My next project will be a three book series in the crime/detective/thriller genre. The idea just seemed to pop into my head, when I was struggling with a concept for National Novel Writing Month. This is a global online writing challenge, where writers participant during November to write at least 50,000 words. Yep, only in the thirty days of November.
I have utilized this challenge since 2009 and have participated every year (except 2017 – I have no idea why not!) and it has enabled me to complete the initial drafts of all of my novels. Yes, some have not seen the light of day for years afterwards, but I am slowly returning to them to edit, revise and add to them. Case in point, Life in Slake Patch was my first NaNoWriMo project in 2009 and it wasn’t published until 2019. I revised it numerous times before I was happy with the story. I also learned, increased my skill and grew as a writer in the intervening years.
This new project has me excited and – unique for me – I find myself planning the plot arc, characters backstories, character descriptions and how I will link the three books narratives. I usually just let the story flow but this time I have to consider what clues are found and utilized and which ones carry over. It is a fun project and I hope when they are finished you will enjoy them.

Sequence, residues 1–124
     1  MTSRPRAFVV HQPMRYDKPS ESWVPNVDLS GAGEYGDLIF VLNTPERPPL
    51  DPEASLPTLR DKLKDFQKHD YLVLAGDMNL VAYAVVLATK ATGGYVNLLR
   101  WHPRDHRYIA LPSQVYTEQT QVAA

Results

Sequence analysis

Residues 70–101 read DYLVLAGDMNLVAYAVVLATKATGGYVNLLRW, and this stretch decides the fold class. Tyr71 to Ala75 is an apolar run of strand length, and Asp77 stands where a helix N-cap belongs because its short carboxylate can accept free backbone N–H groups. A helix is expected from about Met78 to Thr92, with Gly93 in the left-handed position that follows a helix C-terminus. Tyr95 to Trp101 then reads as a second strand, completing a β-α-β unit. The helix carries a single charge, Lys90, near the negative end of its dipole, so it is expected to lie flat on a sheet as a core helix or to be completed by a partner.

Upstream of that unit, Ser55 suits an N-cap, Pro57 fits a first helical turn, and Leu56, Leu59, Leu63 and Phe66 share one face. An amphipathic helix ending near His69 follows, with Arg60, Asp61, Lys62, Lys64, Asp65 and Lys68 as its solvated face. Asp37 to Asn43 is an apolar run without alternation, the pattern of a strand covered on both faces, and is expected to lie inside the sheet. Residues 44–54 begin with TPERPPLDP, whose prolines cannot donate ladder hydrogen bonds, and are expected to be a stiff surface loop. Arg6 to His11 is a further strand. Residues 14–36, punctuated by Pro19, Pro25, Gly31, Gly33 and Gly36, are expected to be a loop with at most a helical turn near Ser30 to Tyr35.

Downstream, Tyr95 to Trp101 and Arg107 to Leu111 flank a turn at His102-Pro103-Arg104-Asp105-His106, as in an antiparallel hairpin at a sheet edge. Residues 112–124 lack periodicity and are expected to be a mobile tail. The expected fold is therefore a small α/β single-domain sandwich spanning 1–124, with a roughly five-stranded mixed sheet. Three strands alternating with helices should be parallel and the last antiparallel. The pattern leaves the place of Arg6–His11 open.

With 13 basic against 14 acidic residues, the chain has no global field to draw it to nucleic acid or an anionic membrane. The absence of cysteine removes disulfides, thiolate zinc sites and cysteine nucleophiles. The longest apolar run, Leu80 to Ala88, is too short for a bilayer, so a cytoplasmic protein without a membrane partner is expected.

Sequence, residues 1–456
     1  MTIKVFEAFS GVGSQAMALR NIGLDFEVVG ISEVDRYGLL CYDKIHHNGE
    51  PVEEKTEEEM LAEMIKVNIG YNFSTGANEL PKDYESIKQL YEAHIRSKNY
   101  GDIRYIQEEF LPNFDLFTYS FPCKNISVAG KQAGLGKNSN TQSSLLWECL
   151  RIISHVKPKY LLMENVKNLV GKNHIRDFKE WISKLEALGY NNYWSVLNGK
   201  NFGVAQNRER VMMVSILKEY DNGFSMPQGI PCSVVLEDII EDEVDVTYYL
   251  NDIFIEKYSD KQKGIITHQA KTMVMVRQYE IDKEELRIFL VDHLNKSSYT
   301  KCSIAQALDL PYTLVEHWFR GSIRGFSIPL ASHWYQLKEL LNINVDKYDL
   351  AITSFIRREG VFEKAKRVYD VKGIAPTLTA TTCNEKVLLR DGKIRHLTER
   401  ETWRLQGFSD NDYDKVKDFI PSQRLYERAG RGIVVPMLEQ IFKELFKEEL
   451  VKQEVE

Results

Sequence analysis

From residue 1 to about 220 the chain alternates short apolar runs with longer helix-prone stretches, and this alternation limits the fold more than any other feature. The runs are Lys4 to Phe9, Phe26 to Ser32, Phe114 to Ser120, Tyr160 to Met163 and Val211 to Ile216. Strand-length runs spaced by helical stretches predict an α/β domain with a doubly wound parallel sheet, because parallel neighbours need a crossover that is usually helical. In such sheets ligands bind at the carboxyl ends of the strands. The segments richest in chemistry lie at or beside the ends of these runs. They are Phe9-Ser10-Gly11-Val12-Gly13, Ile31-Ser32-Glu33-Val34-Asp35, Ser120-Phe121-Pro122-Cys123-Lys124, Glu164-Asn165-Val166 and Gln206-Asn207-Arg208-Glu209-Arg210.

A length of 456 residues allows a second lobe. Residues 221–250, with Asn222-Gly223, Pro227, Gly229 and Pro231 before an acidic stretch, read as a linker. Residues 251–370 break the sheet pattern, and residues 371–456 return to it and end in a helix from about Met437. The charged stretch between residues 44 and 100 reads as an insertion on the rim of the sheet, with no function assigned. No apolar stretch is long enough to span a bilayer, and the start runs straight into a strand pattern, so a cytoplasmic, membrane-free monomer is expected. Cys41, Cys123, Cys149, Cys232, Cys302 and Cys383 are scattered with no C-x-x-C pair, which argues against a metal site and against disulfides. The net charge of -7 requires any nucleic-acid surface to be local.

When you read detective crime – what entices you the most?
What particular story lines have you enjoyed the most in this genre?
This year I celebrate a decade of writing. It was not something my creative brain discovered until I came to Canada. Throughout my younger life art was my main creative outlet, whether it was painting, collage, pottery, sculpture, textiles, knitting, sewing, and many more. I would spend my lunch hours in the art room at school rather than in the playground, it was my happy place. From creating abstract art in a multiple of mediums to utilizing fabric remnants found at Liberty’s of London for summer tops, I indulged my creativity.
This changed as I began adult life and my creative outlets ceased as I entered the workforce and socialized with my peers and then had children. I dappled in rug design without success and although I was gifted an easel one Christmas and attended an art class for a short time, I just didn’t have the time or motivation. It was only when I came to Canada and there was an opportunity to find a creative outlet that I made the decision to find one. I stumbled across the writing group, The Writers Foundation of Strathcona County (https://www.wfscsherwoodpark.com/ ) by pure chance on a trip to the local library and decided to attend a meeting. From that point on I found my ‘place’ and began to learn a new skill, one which has given me not just a group of firm and supportive friends but also allowed me to discover my new country, as well as attend numerous events and a connection to many other writers from home and further afield.
Now I have eight published books and three work in progress manuscripts (and numerous ideas filed) and there is no slow down in sight for my writing passion. It has gripped me and I am so happy I ‘found’ my creative life again.
Not only have I written novels but also participated in National Novel Writing Month a total of ten times, attended numerous writing retreats and workshops, presented at workshops, started a freelance writing business (https://tailoredthemedtosuit.wordpress.com/ ) and became Secretary to my writers group. I am truly immersed in the writing life and am so glad I braved that first writing group meeting.